In Java SE 7 (and most probably in previous versions) the Enum class is declared like this:

 public abstract class Enum<E extends Enum<E>>
 extends Object
 implements Comparable<E>, Serializable

The Enum class has a static method with this signature:

  T static<T extends Enum<T>> valueOf(Class<T> enumType, String name) 

But there is no static method : valueOf(String) defined in the Enum class nor upwards in the hierarchy Enum belongs to.

The question is where does valueOf(String) come from ? Is it a feature of the language, i.e. a feature built in the compiler ?


This method is implicitly defined by the compiler.

From the documentation:

Note that for a particular enum type T, the implicitly declared public static T valueOf(String) method on that enum may be used instead of this method to map from a name to the corresponding enum constant. All the constants of an enum type can be obtained by calling the implicit public static T[] values() method of that type.

From the Java Language Specification, section 8.9.2:

In addition, if E is the name of an enum type, then that type has the following implicitly declared static methods:

* Returns an array containing the constants of this enum 
* type, in the order they're declared.  This method may be
* used to iterate over the constants as follows:
*    for(E c : E.values())
*        System.out.println(c);
* @return an array containing the constants of this enum 
* type, in the order they're declared
public static E[] values();

* Returns the enum constant of this type with the specified
* name.
* The string must match exactly an identifier used to declare
* an enum constant in this type.  (Extraneous whitespace 
* characters are not permitted.)
* @return the enum constant with the specified name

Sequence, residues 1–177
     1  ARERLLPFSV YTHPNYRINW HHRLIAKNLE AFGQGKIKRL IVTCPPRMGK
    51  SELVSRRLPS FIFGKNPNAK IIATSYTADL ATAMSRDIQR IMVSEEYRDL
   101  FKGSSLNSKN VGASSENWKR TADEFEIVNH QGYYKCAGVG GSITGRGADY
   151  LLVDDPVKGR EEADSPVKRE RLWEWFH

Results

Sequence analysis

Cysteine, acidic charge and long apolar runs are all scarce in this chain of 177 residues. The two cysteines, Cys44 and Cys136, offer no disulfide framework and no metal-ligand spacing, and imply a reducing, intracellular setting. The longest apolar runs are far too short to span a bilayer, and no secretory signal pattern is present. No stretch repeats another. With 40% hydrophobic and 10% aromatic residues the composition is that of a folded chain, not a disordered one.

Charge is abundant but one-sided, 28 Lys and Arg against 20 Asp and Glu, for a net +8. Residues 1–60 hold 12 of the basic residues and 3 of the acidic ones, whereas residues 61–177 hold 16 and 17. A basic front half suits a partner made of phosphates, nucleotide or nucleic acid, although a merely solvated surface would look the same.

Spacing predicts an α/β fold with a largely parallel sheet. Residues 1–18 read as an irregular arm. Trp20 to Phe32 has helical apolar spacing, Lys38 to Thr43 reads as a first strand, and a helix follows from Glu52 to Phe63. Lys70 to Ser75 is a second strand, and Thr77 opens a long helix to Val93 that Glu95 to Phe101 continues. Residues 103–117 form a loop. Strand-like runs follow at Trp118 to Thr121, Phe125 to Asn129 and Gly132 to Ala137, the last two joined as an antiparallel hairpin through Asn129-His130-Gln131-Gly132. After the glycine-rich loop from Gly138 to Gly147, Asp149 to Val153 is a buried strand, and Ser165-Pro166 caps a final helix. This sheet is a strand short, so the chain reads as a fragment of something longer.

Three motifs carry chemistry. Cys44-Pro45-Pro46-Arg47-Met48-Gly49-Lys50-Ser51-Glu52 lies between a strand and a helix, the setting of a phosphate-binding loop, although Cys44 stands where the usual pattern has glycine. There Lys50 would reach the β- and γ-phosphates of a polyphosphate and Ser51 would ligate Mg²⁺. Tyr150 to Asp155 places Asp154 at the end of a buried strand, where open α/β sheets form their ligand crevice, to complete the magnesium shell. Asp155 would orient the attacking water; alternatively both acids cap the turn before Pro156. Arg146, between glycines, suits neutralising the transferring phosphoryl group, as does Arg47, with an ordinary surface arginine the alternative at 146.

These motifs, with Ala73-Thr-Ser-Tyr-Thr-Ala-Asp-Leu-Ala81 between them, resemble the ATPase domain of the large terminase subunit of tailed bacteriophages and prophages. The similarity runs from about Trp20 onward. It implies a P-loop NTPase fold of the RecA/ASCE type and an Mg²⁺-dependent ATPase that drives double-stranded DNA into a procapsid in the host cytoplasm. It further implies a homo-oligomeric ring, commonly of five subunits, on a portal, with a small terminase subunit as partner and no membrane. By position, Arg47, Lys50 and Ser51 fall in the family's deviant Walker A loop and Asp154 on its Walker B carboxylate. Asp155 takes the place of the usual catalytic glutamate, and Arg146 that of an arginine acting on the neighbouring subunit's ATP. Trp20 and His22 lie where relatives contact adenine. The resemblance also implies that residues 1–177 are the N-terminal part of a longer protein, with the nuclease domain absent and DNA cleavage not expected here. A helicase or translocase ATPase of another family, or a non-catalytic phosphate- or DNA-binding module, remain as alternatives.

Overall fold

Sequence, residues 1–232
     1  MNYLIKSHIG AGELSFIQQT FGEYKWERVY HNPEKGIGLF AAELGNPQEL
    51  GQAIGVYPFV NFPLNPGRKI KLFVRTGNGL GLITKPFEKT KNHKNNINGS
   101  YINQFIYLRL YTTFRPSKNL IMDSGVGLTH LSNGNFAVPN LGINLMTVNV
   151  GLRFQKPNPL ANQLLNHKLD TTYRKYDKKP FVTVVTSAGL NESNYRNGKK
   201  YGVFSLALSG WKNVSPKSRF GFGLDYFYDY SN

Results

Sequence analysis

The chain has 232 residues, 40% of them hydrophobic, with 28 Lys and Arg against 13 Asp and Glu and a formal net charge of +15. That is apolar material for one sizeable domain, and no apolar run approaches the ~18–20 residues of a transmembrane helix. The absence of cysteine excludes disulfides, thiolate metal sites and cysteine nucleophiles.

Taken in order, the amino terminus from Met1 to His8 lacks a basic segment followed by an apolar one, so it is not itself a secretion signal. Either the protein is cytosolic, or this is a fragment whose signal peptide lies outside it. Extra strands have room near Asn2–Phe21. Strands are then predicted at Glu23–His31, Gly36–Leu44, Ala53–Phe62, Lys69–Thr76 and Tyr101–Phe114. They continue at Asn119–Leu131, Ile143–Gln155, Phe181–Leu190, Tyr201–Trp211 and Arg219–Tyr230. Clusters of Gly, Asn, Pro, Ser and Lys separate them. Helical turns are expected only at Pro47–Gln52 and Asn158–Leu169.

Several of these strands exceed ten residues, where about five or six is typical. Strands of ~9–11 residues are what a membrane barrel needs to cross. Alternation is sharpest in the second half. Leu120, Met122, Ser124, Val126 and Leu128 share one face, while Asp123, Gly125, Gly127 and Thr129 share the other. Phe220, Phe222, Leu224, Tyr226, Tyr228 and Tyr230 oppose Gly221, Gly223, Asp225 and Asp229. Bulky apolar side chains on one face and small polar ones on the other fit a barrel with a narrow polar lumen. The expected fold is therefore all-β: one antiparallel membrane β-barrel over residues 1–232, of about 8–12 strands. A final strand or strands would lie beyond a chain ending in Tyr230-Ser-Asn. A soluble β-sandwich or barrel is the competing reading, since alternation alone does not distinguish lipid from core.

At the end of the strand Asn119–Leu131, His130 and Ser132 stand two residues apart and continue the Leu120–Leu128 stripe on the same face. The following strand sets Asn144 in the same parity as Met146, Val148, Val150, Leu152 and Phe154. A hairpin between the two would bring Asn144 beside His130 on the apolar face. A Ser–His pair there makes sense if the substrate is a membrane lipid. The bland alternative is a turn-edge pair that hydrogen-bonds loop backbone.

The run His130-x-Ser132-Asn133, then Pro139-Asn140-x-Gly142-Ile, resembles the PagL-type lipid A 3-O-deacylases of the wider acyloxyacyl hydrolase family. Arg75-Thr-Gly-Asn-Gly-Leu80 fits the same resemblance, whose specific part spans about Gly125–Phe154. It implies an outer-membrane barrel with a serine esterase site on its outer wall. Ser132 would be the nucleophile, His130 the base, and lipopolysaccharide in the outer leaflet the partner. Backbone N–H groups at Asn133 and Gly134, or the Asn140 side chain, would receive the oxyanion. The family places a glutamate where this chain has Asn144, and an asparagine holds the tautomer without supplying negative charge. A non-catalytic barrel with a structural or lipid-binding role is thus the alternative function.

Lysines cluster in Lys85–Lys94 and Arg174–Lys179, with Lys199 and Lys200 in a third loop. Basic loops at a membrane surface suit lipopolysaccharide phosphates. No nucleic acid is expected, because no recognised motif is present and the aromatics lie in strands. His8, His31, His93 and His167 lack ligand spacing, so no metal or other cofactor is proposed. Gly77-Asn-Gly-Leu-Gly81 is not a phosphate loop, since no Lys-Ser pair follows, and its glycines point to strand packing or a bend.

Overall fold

* @throws IllegalArgumentException if this enum type has no
* constant with the specified name
public static E valueOf(String name);
  • 2
    The reason for not including this method in the set of methods of the Enum class is that an implementation could not be provided until compile time when the returned Enum value is known (which is : an enum object of the type defined by the programmer). Still, an alternative would be to actually declare it as an abstract method in the Enum class and let the compiler provide an implementation at compile-time. Of course, this means it could also be overridden by the user but the compiler could handle also this case. It looks more natural to have the method in the class! – Razvan Aug 11 '12 at 13:15
  • 2
    @Razvan Static methods can't be abstract in Java (or most other languages, I suppose). – sepp2k Aug 11 '12 at 13:20
  • I didn't say static abstract ! – Razvan Aug 11 '12 at 15:52
  • @Razvan You didn't say static, but they are static. Are you suggesting that they should be changed to be non-static? Wouldn't that diminish there usefulness? – sepp2k Aug 11 '12 at 20:44
  • @sepp2k It would for sure since you have first to build an instance of an Enum and then invoke valueOf. My proposal was to have the method literally in the class, in the code. Another option would be to have a static method with no implementation and the compiler should provide the implementation at compilation. – Razvan Aug 12 '12 at 10:57

I think it must be a feature of the language. For one, to create an enum by making one and it does not need to extend Enum:

public enum myEnum { red, blue, green }

That alone, is a language feature or else you would need to do this:

public class  MyEnum extends Enum { ..... }

Secondly, the method, Enum.valueOf(Class<T> enumType, String name), must be produced by the compiler when you you use myEnum.valueOf(String name).

That is what would seem possible given that the new Enum is as much a language feature as it is a class to extend.

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